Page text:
Cache vs. Non-Cache Data – Basically is the cube recalculating and re-querying numbers over and over again or can it re-use results? Use profiler to check for cache or non-cache data when your queries are running. So many times we’ve seen all queries not using the cache because AS hasn’t been given enough available memory or volatile operators such as now() have been used in mdx calcs.

Resolving the issues above had a massive impact – reports taking up to 3 minutes to run were down to a few seconds, users could begin to use the application properly for the first time, however fixing the performance may be only part of the task. The cube of course needs to have been designed to meet the business requirements, but that’s another blog..

So, what’s an OLAP Cube, anyway?

As "An Excel User in a Cubed Kingdom" I’m starting my exploration of this new found land with a simple question: what is an OLAP cube? In plain English, please…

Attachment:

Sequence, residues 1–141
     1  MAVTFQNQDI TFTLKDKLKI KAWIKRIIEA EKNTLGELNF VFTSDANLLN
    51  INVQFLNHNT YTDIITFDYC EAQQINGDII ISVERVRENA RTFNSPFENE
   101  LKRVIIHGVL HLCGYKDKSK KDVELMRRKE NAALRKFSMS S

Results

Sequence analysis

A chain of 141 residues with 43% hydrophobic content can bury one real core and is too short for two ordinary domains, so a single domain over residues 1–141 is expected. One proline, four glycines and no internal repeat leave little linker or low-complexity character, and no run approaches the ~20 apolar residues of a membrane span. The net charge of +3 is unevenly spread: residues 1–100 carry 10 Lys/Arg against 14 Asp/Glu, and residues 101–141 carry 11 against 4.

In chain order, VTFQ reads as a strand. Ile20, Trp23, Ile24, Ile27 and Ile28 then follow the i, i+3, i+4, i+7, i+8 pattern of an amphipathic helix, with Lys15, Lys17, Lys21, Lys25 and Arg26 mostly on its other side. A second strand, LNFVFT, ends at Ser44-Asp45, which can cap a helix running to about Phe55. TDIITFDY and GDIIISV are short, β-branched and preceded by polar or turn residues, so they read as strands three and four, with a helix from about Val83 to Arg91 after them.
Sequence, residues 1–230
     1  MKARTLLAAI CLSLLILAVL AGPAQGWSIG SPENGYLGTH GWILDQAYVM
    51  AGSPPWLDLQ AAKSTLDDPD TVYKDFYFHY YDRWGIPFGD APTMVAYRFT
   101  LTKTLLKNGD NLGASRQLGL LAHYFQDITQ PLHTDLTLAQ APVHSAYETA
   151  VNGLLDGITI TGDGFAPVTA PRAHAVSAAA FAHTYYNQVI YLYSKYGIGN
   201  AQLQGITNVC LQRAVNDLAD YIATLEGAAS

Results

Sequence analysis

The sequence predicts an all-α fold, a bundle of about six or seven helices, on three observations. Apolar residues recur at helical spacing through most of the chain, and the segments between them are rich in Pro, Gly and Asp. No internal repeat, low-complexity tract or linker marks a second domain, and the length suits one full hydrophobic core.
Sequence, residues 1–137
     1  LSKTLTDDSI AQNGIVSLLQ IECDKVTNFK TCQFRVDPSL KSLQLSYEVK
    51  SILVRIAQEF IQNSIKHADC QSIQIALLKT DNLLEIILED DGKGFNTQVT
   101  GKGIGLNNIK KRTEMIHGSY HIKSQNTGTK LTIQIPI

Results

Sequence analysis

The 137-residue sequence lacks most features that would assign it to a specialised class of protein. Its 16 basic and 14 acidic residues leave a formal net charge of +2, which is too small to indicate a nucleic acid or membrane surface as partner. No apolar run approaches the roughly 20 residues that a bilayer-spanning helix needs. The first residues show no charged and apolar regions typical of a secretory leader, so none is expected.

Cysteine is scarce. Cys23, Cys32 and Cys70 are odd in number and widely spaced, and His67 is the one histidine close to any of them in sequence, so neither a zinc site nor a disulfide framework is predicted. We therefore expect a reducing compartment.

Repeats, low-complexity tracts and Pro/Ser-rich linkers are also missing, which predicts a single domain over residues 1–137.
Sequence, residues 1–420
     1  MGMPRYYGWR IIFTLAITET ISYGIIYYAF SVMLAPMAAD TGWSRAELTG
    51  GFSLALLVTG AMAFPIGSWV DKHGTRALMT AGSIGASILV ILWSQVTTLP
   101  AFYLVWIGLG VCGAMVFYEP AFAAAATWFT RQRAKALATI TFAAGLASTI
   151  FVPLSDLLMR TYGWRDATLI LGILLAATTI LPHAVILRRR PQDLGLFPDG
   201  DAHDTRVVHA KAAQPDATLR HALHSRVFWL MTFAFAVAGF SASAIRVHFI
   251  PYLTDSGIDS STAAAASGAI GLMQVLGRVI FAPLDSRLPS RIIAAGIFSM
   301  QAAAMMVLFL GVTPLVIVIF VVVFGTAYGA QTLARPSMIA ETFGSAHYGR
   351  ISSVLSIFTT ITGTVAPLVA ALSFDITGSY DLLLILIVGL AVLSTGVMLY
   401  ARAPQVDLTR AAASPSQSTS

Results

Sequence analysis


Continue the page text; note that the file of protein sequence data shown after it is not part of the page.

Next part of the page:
I like this simple, non-technical definition: a cube is a set of predefined answers. It’s up to you to select the right questions.

OK, let’s detail this.

Imagine that you have a very large database with the usual business data: orders, customers, sales representatives… Now you want to know how much a customer category ordered over the last year. You query the database and you get the answer. Then you want monthly sales. Query it again. Dig a little deeper to see what products that category ordered. Query it once more.

What is happening behind the curtain? Each time you enter a new query the system looks at each transaction (or a subset) and performs the necessary calculations to answer your query. You’ll get your answers, but it will be painfully slow: depending on your query and the database size, it may take hours. It is not an option.